For The Children, a Tulane Center for Public Service community outreach program, has provided academic assistance to hundreds of students in low-performing uptown New Orleans public schools since 1994.
VanDenburgh's community service was recognized by former President George W. Bush in New Orleans in January 2006. (Photo by USA Freedom Corps)
January 27, 2012
Daisy Meriwether VanDenburgh (NC ’55) never realized her community service would be recognized by the president as Air Force One landed in New Orleans in January 2006. For nearly 20 years, VanDenburgh quietly made an impact on dozens of lives through Tulane’s For The Children reading program. Earning recognition for her service and generosity not only from grateful students and teachers, but also from President George W. Bush, VanDenburgh has proven an inspiring example for the Tulane and New Orleans communities.
“You get much more than you give,” she explains. “I always thought one of the most important things a person can do is help children learn to read and, more importantly, to enjoy books. One of the pleasures in life, after all, is reading a good book.”
For The Children, a Tulane Center for Public Service community outreach program, has provided academic assistance to hundreds of students in low-performing uptown New Orleans public schools since 1994. Each school houses a reading room with a comfortable sofa and a library of books and class materials. In 2011, the program welcomed a record 413 volunteers who logged a combined average of 700 hours per week at two local schools.
VanDenburgh earned her master’s in education from Tulane in 1970 and went on to serve first as a teacher and, later, as coordinator of Newcomb Nursery School for nearly 30 years. Upon retiring in 1997, she looked for ways to continue making an impact and immediately volunteered with For The Children, working individually with the children of James Lewis, Lafayette, Sophie B. Wright and Benjamin Banneker schools.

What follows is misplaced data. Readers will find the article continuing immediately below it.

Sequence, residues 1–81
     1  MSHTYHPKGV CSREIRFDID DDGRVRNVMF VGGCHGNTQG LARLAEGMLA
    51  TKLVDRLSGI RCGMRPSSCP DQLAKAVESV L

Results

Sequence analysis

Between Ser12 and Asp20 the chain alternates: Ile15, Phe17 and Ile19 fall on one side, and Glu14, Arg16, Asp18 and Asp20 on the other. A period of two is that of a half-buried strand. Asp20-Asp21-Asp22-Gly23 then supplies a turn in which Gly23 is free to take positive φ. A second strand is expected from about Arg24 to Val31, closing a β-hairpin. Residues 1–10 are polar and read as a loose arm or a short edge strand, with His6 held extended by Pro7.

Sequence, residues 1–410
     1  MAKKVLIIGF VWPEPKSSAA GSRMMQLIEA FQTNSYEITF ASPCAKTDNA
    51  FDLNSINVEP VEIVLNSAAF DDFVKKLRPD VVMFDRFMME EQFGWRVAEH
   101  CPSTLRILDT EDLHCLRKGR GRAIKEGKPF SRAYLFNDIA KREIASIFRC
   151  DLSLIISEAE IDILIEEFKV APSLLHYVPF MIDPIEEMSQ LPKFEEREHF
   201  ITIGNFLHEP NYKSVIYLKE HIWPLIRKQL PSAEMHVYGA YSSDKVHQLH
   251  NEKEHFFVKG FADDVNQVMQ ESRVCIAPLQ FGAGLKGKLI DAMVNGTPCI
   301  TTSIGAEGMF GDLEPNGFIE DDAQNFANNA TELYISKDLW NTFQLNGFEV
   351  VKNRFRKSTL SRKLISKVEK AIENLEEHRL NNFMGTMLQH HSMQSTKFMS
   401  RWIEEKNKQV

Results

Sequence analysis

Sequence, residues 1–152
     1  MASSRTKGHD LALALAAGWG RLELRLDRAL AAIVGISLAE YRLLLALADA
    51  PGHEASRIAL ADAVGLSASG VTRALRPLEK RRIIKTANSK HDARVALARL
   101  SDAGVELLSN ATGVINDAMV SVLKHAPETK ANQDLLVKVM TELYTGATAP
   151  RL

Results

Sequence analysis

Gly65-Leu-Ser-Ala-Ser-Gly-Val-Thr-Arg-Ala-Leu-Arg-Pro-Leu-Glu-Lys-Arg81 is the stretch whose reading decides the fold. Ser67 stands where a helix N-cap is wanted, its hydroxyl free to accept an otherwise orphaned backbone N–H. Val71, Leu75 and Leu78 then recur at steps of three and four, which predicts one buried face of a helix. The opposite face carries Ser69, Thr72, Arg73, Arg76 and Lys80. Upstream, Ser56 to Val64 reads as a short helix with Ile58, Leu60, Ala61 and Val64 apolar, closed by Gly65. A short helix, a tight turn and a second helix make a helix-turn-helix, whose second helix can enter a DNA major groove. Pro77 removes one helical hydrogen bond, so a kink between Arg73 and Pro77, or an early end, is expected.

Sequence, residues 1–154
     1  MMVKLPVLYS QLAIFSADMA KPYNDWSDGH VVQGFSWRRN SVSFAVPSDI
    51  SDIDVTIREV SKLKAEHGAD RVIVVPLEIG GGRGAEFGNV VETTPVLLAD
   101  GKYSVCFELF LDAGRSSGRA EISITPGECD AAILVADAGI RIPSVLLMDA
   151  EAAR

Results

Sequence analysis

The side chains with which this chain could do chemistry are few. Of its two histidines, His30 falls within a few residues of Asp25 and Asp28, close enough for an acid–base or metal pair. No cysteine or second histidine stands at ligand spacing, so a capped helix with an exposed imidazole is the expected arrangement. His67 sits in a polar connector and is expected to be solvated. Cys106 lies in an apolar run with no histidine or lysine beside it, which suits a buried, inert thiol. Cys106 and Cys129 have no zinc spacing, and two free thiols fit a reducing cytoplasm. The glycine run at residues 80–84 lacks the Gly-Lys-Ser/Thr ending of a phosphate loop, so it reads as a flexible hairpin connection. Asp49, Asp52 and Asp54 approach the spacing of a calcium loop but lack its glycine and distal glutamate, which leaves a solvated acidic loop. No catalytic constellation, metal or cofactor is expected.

“We are the children’s reading buddies,” she says. “You get to know them and can zero in on their interests to help them learn faster. One boy really got into the Saints and we read sports news together. Another child was interested in families, and we read ‘Little Women.’ You develop a nice relationship with the child because you can be their friend and listen to what they have to say.”
As the years passed, VanDenburgh grew ever more enthusiastic about the program, recruiting several of her friends to the cause and pledging generous yearly gifts to support its continued success.
"I believe in what we’re doing," she says. "I can see how it works."
One day, in 2006, after word of her devotion and eagerness to serve her community spread, she received a special surprise.
"I was coming back from Houston and got a call that I was in the running for the president’s volunteer service award. ‘What president? What are you talking about?’ I asked. It was so exciting! I certainly didn’t expect that when I first began with the program."
VanDenburgh received the award directly from President Bush, who personally thanked her for making a difference in so many children’s lives, in a ceremony at Louis Armstrong International Airport.
After reflecting on her service, however, VanDenburgh noted that she has received other rewards just as, if not more, special.
"I guess the president’s award was the nicest, but one of the teachers made me a certificate of appreciation and framed it for me. It made me feel really good. Also, one of the children who had been my reading buddy in second grade graduated this year from Loyola. He let me know, and I was very proud."
In the end, VanDenburgh says she is no different from any other volunteer participating in the Center for Public Service's numerous outreach programs.
"I don’t want to make it too big a deal. I’ve seen so many people who have done so much more. I feel there are so many who have been wonderful volunteers. I am just in the right place at the right time with the right program."
Michael Ramos is a senior writer in the Office of Development.
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